One of the reasons I feel coaches believe that cleans are making their athletes "explosive" is because they focus their attention on the barbell, instead of focussing on the athlete during the lift! The barbell bounces around and the weights make loud noises, so everyone thinks something "explosive" is happening! Unfortunately, the only things usually "exploding" are the athlete's lumbar spine, patella tendons and the tendons and ligaments that support their wrists!
I suggest watching the below video three times. The first time focus solely on the athlete's hips. The second time focus on the athlete's knees. And the third time focus on the athlete's ankles. Do NOT watch the barbell!
If you're like me, you probably didn't see any "explosive" hip, knee or ankle extension! Unfortunately, the technique utilized in the above video represents about 98% of what I've seen in my 13+ years in this profession.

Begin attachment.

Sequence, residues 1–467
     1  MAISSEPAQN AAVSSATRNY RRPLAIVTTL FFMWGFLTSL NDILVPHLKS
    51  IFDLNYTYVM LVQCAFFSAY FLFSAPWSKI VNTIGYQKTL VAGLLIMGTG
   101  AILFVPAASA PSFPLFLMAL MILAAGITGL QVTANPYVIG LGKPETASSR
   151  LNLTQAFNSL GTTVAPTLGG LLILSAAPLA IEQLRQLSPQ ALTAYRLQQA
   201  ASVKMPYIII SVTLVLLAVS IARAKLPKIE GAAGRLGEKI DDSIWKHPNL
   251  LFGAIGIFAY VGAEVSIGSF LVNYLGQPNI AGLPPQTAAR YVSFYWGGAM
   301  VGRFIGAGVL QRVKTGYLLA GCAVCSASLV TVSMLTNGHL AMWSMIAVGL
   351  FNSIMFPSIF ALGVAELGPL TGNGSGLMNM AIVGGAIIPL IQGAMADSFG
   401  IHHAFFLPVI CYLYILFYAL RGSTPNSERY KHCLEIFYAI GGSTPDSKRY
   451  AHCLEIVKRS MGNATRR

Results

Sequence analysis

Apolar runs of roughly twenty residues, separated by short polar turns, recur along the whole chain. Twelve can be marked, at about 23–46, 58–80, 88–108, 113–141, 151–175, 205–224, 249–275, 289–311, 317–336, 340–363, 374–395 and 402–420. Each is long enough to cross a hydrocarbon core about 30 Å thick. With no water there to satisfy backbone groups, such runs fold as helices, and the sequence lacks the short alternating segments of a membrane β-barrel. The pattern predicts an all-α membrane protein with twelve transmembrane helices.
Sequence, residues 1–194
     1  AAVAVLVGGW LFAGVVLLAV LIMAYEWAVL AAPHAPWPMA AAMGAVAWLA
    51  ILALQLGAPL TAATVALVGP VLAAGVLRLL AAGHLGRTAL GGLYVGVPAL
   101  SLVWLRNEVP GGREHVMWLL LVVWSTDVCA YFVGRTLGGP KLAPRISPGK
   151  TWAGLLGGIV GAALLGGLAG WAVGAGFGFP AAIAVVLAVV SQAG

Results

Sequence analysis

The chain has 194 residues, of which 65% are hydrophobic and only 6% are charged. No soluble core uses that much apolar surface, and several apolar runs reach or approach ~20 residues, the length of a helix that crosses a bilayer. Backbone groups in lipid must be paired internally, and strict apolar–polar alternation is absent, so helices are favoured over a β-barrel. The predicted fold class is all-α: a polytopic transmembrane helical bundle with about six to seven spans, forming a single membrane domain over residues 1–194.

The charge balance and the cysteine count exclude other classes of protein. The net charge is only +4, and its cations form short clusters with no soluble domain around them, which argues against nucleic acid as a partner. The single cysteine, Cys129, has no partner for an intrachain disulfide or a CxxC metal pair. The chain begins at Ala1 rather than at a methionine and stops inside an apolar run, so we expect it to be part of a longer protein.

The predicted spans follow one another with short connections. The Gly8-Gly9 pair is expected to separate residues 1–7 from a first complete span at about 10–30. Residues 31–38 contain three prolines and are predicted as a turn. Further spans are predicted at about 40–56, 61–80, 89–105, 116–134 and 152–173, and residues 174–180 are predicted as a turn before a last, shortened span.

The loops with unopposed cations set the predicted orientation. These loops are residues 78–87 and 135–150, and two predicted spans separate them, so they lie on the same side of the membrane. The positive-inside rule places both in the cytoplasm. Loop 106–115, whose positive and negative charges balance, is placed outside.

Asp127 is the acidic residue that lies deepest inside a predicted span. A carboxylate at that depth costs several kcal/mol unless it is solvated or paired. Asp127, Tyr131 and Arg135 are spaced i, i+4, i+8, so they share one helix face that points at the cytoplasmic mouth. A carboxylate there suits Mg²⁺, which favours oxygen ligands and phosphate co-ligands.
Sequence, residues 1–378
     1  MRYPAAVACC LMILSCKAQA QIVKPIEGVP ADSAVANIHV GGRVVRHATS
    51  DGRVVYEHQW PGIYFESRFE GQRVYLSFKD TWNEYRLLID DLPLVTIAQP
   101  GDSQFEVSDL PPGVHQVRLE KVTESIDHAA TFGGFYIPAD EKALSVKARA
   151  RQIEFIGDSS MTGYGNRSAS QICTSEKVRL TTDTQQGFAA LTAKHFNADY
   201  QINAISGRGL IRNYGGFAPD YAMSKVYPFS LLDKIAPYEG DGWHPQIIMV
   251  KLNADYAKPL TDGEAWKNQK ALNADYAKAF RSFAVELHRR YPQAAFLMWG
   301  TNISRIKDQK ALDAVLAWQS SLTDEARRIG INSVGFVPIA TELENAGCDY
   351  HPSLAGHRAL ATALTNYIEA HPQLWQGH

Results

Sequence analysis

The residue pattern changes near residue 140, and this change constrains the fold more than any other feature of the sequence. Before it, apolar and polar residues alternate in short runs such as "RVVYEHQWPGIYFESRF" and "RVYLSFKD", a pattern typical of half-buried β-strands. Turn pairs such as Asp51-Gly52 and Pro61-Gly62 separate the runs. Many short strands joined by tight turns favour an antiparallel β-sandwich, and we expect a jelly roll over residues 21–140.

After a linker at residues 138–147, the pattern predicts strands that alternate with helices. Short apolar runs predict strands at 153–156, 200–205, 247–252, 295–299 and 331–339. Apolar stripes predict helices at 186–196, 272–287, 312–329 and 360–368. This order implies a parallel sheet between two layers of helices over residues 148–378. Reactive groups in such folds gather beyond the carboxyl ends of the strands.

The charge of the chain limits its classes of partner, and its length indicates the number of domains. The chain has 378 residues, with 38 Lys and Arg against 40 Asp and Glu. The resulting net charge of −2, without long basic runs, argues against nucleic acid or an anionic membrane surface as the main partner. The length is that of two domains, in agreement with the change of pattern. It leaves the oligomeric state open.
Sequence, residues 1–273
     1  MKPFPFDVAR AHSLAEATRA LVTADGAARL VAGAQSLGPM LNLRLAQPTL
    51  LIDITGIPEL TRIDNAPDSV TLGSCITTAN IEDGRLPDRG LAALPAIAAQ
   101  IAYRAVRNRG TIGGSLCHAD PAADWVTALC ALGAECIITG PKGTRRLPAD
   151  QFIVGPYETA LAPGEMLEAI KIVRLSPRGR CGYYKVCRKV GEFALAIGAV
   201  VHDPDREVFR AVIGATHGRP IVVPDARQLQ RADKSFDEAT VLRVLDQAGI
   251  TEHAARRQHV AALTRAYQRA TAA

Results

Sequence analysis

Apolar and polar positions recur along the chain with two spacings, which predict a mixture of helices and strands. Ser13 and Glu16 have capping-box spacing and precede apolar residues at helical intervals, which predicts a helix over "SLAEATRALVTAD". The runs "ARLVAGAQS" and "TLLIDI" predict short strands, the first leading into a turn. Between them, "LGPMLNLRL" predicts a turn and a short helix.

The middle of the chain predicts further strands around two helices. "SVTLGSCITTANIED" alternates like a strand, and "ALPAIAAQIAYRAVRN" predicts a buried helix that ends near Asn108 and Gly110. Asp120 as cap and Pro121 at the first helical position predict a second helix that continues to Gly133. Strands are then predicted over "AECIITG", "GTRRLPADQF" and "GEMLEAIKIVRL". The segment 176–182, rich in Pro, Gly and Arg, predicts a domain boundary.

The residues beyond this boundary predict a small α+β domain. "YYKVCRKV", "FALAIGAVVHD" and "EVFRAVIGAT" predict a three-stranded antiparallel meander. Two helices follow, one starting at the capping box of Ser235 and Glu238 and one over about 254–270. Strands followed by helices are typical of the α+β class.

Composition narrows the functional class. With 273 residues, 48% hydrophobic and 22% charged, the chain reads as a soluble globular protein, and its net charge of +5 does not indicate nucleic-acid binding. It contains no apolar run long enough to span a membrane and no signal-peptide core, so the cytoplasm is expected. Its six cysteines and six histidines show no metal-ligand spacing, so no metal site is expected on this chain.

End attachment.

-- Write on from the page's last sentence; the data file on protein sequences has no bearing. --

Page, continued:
The final "clincher" for me this past year was when THREE separate Division 1 college football players entered my program with surgically-repaired wrists due to the "catch" phase of this exercise! All three of these athletes were forced to do hang cleans during their college careers and now their training will be negatively effected forever. FYI, two of the three athletes are now in the NFL and have to deal with an injury that was 100% preventable if their coaches would have provided them with safer, more logical, exercise choices! Speaking of which...
Check out three examples of some of our favorite weighted jump variations. Again, I suggest watching each video 3x. Check out the hips, knees and ankles of each athlete while viewing the videos. Notice the increased range of motion and much more "explosive" extension (compared to the hang clean) at each of the three joints discussed.
This first video shows a bunch of highlights from a workout performed by UFC fighter, Dan Hardy, training at our gym last week. But I've posted it specifically for everyone to check out the first exercise shown - Trap Bar Jumps.